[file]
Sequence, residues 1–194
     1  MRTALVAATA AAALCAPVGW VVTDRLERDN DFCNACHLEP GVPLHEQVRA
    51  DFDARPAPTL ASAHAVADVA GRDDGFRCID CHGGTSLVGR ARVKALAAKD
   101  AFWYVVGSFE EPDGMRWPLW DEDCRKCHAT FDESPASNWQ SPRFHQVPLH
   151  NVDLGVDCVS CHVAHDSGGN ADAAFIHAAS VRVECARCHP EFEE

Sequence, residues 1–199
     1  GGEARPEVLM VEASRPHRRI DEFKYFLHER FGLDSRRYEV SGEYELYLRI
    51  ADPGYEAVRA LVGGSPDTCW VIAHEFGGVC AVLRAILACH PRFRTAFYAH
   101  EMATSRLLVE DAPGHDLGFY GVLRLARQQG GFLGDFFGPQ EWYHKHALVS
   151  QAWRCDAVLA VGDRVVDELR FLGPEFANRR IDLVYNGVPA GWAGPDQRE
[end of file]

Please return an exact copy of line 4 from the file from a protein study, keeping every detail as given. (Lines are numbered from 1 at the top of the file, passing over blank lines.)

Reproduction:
   101  AFWYVVGSFE EPDGMRWPLW DEDCRKCHAT FDESPASNWQ SPRFHQVPLH